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Episcopal Church elects first black presiding bishop

Episcopal Church elects first black presiding bishop
Bishop Michael Curry, of North Carolina, speaks during a news conference after being elected the Episcopal Church's first African-American presiding bishop at the Episcopal General Convention Saturday, June 27, 2015, in Salt Lake City. (Rick Bowmer / Associated Press)

The Rt. Rev. Michael Curry, the first African-American to lead an Episcopal diocese in the southerm United States and a former rector in Baltimore, will become the first black presiding bishop of the Episcopal Church.

Curry, 62, who was elected presiding bishop Saturday during the denomination's national assembl, has been the bishop of the Diocese of North Carolina since 2000. Previously, he was the rector of St. James' Episcopal Church on West Baltimore's Lafayette Square for 12 years.

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At St. James, he led a rebuilding effort after the sanctuary was hit by a 1993 fire. Curry, known for his exuberent preaching style, was also credited with starting more than 80 new ministries there, including a gospel choir and an after-school academy serving West Baltimore.

Curry's election is the second consecutive historic choice for the church of nearly 1.9 million members. He will succeed Presiding Bishop Katharine Jefferts Schori, the first female presiding bishop and the first woman to lead an Anglican national church. The Episcopal Church is the U.S. body of the Anglican Communion, an 80-million member worldwide fellowship of churches with roots in the Church of England.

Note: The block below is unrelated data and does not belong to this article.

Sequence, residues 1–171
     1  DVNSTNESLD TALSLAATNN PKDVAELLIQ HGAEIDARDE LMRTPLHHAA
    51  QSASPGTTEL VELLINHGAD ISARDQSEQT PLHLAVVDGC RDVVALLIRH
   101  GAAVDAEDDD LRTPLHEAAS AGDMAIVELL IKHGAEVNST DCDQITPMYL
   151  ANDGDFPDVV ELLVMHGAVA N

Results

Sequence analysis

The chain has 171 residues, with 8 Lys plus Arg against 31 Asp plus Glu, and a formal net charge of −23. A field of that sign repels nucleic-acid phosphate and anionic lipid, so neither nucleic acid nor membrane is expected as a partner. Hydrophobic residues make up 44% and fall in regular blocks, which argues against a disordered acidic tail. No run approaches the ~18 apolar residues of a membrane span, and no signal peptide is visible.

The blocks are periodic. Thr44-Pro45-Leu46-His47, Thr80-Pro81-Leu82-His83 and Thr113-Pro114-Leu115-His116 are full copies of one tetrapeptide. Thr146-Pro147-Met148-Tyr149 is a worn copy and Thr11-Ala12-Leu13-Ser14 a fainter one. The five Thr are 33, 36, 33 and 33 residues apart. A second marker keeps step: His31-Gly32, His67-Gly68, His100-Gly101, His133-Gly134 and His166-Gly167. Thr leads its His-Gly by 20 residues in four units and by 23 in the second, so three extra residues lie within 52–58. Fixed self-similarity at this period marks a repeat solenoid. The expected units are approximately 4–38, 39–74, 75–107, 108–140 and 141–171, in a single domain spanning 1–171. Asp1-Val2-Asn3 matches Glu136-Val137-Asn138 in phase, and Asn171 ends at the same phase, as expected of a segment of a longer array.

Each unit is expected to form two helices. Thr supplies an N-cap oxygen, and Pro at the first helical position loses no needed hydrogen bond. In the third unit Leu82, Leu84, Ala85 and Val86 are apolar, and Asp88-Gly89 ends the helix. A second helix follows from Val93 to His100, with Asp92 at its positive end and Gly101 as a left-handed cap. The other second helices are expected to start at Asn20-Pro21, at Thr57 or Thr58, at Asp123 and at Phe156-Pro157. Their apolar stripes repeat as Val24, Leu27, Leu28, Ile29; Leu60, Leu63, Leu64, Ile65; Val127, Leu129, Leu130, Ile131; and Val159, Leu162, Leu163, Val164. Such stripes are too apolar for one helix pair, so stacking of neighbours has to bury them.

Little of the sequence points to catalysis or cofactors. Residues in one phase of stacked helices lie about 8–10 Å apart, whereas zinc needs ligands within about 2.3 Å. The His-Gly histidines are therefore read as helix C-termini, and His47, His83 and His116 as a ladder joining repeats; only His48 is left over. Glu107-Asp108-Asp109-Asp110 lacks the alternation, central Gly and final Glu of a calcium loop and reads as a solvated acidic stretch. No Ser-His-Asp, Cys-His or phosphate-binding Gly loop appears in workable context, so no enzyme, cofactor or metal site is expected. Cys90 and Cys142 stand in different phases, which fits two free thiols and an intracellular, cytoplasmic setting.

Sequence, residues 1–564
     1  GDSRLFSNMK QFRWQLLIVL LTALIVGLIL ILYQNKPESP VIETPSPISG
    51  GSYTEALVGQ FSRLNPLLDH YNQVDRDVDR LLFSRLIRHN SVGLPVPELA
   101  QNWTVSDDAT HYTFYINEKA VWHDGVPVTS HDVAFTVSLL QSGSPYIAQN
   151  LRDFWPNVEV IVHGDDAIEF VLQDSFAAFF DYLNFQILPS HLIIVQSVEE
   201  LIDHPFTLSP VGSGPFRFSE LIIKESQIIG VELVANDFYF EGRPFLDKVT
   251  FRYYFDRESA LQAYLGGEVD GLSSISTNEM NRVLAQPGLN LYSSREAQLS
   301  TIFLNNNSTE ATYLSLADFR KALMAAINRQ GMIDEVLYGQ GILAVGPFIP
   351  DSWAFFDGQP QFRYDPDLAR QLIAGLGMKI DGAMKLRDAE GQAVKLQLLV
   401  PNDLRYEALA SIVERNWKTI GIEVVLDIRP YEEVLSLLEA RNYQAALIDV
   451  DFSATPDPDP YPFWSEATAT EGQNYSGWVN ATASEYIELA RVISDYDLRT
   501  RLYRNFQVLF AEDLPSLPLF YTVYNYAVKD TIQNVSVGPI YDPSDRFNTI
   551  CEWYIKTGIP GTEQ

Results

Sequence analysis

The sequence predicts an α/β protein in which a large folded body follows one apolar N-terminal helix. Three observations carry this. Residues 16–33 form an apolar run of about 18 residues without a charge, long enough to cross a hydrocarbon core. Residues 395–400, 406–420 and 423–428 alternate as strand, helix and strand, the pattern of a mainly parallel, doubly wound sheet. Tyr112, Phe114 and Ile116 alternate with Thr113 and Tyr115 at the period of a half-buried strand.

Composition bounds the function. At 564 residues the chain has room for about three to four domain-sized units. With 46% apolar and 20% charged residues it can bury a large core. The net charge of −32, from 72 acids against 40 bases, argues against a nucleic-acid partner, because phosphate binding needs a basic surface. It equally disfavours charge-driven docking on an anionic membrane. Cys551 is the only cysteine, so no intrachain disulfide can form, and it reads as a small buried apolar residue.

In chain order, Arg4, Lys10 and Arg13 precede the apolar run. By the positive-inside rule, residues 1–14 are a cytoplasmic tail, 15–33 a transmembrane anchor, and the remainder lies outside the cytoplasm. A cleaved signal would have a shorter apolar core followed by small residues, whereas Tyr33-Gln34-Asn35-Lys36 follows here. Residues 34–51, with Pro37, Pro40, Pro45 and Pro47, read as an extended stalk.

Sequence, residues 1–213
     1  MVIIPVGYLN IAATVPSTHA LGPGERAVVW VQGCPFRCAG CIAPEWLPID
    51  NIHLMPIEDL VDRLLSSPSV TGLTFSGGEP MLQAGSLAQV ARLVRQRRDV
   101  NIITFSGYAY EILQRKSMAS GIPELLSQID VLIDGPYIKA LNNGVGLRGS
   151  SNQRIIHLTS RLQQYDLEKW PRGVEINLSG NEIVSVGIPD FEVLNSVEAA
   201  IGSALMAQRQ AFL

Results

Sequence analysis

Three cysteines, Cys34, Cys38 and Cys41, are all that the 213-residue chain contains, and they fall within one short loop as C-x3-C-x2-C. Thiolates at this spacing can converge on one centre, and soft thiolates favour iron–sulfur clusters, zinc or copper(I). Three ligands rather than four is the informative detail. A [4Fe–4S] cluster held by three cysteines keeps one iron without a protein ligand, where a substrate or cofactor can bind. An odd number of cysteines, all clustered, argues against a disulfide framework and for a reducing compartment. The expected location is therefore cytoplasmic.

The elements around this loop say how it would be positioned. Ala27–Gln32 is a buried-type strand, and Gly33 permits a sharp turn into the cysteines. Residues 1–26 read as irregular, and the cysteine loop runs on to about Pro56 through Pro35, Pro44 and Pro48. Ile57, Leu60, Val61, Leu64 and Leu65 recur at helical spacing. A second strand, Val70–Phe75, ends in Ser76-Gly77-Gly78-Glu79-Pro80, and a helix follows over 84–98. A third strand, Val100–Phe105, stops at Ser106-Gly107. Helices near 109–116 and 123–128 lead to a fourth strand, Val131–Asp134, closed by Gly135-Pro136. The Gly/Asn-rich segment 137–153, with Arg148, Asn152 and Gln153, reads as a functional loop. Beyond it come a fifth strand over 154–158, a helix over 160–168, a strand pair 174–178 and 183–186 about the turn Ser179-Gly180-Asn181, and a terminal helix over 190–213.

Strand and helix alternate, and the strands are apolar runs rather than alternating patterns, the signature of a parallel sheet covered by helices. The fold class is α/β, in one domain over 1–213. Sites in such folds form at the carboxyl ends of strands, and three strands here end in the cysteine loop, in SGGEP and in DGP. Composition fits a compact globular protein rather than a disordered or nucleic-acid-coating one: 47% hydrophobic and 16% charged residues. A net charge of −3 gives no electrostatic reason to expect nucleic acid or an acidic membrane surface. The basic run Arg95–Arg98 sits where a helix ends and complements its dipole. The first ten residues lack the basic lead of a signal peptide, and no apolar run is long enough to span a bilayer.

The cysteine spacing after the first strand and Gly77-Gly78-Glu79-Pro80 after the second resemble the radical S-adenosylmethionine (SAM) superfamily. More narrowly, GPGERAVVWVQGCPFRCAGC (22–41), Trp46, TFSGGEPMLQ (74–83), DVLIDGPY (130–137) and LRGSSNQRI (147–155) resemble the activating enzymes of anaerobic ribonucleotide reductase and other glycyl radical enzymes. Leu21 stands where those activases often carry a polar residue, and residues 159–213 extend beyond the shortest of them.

The church has been roiled by the criminal charges that Baltimore prosecutors filed against former Bishop Heather Elizabeth Cook in the December death of a bicyclist. Cook, who is awaiting trial, has pleaded not guilty to all 13 counts against her, including automobile manslaughter, driving under the influence of alcohol and leaving the scene of an accident. If convicted on all charges, Cook could be sentenced to more than 20 years in prison.

At a news conference, Curry said his selection as the first black leader of the denomination was "a sign of our church growing more deeply in the spirit of God and in the movement of God's spirit in our world." He will be installed Nov. 1 in a service at the Washington National Cathedral, the day Jefferts Schori completes her nine-year term.

"We've got a society where there are challenges before us. We know that. And there are crises all around us. And the church has challenges before us," Curry told the assembly, when he was introduced as presiding bishop-elect. "We are part of the Jesus movement, and nothing can stop the movement of God's love in this world."

The Associated Press contributed to this article.

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